Uwe Rosenberg is a saucy minx. The European board game designer created Agricola, the most riveting agriculture game on the market. If you think “riveting agriculture game” sounds like an oxymoron, you’re wrong. In this game sheep, cattle and wild boars are sent to slaughter, hungry families beg for food, and, much like commercial agriculture today, hunger isn’t caused by a shortage in the food supply but by people’s lack of resources.
The one- to five-player game makes players the masters of their own domain. The goal essentially is to create a well-rounded efficient farm. Players can plow fields, sow grain and, if they select the right cards, bake bread and feed their family. If not, all hell ensues. Players can also keep and breed animals and, if they select the right cards, slaughter them and feed their families. If not, all hell ensues. (JB)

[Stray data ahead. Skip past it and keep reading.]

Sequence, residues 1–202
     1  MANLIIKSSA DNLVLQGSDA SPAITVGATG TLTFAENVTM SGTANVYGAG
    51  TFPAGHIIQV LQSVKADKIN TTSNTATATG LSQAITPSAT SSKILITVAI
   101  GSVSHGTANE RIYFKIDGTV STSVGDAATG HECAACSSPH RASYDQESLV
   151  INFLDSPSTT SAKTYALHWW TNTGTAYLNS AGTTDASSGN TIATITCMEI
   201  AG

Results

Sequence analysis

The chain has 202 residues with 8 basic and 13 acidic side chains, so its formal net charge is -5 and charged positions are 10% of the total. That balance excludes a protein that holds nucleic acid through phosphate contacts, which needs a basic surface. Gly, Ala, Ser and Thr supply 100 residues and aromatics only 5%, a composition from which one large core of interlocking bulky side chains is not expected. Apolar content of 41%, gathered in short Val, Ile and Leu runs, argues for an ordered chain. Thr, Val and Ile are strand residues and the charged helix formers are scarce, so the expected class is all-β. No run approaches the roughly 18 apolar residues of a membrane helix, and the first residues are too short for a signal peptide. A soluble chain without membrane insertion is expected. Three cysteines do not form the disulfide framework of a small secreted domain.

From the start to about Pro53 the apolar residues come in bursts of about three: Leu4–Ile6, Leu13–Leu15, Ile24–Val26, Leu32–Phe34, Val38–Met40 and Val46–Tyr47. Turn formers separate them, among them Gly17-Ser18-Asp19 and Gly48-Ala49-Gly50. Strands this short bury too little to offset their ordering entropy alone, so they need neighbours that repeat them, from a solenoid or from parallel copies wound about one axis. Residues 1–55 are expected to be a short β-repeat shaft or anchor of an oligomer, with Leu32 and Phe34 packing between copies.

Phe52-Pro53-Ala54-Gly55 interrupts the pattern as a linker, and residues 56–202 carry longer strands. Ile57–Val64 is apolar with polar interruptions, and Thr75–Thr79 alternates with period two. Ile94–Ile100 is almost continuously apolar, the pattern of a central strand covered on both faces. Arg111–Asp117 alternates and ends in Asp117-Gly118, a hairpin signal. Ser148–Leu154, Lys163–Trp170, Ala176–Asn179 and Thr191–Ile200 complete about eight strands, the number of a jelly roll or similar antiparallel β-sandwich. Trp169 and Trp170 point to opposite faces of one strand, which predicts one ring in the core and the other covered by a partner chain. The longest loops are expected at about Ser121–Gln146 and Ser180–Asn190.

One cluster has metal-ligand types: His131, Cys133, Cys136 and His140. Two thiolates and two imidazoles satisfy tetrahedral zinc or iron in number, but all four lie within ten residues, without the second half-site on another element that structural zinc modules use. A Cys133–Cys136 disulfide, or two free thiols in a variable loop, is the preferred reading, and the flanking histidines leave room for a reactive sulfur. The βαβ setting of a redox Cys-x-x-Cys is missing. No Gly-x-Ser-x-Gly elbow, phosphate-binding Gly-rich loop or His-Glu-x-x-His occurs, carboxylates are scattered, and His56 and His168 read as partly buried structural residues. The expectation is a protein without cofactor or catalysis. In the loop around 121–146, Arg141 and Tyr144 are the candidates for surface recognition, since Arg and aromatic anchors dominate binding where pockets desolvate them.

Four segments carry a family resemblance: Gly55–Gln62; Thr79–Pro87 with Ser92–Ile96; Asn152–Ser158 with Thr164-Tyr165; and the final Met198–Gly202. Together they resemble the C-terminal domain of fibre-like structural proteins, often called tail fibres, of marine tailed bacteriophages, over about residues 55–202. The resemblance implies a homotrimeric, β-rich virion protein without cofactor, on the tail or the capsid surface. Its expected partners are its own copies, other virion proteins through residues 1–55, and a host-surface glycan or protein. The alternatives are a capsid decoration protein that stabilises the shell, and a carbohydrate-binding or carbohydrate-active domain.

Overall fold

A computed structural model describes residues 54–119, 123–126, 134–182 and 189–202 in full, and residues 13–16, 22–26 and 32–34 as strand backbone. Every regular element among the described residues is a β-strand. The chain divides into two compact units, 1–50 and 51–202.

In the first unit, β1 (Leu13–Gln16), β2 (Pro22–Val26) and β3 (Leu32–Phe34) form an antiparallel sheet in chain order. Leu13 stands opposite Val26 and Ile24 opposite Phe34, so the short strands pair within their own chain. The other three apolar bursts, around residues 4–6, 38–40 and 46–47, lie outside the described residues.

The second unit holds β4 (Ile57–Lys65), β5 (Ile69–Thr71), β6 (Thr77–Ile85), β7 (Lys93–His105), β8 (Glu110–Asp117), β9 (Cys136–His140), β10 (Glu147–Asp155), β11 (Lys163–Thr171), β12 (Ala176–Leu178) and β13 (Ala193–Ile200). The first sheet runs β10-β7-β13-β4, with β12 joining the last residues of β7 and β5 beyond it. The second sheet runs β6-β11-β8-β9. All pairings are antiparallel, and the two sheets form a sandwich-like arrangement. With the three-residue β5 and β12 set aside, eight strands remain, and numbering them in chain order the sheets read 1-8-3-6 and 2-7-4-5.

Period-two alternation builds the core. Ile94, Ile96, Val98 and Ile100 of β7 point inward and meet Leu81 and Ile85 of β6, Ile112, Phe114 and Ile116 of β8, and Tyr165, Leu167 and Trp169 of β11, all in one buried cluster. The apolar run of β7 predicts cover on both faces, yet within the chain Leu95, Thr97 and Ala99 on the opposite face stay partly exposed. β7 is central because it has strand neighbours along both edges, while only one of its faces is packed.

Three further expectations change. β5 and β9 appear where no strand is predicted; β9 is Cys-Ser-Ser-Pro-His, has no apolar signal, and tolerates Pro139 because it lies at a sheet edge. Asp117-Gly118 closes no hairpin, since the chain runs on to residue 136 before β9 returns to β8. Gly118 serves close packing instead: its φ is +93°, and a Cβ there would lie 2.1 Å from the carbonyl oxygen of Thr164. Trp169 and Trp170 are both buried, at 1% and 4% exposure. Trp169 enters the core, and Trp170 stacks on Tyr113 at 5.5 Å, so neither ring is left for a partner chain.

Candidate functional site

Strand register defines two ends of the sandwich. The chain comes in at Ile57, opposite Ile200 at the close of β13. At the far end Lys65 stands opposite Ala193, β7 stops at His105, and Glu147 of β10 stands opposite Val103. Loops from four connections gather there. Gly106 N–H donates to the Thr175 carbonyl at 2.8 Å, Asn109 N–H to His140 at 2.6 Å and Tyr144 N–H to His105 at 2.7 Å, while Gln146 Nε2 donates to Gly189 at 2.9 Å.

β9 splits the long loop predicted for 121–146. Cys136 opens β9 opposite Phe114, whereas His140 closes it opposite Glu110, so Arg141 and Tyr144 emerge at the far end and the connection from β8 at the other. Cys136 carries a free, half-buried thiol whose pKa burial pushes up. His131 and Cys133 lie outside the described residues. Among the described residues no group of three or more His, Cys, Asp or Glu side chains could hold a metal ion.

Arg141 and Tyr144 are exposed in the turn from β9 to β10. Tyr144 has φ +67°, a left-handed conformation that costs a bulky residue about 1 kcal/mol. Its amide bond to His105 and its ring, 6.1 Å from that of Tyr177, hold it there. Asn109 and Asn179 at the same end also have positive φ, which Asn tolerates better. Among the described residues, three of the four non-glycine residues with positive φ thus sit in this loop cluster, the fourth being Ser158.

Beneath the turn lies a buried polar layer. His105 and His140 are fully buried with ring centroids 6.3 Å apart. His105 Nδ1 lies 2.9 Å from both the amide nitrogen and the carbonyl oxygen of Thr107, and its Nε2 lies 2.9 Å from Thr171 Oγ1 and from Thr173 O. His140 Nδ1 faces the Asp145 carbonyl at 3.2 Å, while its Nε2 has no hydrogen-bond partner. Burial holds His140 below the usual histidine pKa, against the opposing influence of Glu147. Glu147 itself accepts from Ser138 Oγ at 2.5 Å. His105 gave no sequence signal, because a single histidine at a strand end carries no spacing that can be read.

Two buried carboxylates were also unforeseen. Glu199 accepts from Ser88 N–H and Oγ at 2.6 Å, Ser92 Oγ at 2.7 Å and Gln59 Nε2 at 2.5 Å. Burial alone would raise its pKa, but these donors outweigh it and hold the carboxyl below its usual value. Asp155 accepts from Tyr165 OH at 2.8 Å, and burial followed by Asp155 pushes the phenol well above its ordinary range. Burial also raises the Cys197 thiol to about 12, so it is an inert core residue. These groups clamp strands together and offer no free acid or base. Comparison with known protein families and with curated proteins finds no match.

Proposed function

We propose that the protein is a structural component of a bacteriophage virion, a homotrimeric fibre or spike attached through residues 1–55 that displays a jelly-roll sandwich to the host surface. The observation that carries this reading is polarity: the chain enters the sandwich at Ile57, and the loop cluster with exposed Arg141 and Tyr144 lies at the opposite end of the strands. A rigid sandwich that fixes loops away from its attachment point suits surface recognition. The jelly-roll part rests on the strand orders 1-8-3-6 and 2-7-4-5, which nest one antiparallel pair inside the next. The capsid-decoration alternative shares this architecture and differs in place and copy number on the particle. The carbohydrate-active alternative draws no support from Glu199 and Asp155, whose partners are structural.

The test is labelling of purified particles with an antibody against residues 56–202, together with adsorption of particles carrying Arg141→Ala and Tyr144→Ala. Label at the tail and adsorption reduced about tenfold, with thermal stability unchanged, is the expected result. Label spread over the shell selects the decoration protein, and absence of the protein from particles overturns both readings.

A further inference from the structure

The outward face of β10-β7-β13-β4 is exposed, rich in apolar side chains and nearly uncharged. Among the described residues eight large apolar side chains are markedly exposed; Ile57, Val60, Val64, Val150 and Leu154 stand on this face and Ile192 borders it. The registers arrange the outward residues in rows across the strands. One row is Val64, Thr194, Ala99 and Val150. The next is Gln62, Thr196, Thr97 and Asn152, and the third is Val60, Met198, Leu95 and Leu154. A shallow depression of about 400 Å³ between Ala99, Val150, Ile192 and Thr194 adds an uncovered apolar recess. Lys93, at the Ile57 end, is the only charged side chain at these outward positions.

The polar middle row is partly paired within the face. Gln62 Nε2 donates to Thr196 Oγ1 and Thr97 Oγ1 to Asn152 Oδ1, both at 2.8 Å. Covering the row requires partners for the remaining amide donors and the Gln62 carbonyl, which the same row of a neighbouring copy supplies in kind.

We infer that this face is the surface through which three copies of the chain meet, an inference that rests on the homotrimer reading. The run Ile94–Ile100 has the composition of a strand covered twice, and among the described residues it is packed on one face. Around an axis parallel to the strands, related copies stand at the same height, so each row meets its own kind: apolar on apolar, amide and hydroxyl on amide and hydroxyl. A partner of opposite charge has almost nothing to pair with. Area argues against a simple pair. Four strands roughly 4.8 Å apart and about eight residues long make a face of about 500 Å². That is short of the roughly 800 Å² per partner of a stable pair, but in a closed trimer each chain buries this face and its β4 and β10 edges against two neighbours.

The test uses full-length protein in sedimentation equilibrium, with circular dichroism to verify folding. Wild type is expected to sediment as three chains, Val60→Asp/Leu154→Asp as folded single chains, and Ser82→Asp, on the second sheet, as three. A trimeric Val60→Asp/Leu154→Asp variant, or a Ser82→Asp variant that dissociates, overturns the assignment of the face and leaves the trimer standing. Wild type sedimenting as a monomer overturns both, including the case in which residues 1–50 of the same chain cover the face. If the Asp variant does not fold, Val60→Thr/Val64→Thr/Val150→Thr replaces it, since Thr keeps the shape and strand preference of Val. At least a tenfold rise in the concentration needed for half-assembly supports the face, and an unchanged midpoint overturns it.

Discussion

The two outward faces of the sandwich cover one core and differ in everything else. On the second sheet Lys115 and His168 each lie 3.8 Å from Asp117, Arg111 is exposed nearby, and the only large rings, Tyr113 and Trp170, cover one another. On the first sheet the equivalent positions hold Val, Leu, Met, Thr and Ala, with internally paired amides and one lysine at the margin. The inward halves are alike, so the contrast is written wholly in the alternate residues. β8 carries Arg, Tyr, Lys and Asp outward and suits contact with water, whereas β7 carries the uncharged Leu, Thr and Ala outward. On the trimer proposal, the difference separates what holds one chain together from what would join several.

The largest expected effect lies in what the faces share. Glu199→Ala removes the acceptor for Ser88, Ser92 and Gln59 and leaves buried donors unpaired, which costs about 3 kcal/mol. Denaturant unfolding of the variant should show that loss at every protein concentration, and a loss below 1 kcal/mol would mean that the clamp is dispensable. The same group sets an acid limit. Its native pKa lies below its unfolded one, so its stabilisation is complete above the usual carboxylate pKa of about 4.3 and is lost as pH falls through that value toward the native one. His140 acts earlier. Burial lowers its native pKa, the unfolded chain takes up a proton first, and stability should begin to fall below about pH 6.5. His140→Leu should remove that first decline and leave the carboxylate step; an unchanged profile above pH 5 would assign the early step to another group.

If you can get past the boring name, you’re in for a good time. The object of Power Grid, a game for two to seven players, is to supply the most cities in the United States with power. In order to power the cities, you must first acquire raw materials (coal, oil, garbage, uranium, and wind or solar power), and then build power lines that connect the cities. What’s interesting about the game is that newer, more efficient power plants eventually become available on the market.
If you blow all your wad and buildings on coal plants (after all, it’s the American thing to do), hippies could sweep in on Round Three and build cheaper, more efficient wind-power plants. And because those environmentalists don’t have to buy resources, they’re spending all their money on kicking your ass and building a monopoly. If you don’t adapt and upgrade your plants, you’ll be left in the dust burning dinosaurs by the minute. (JB)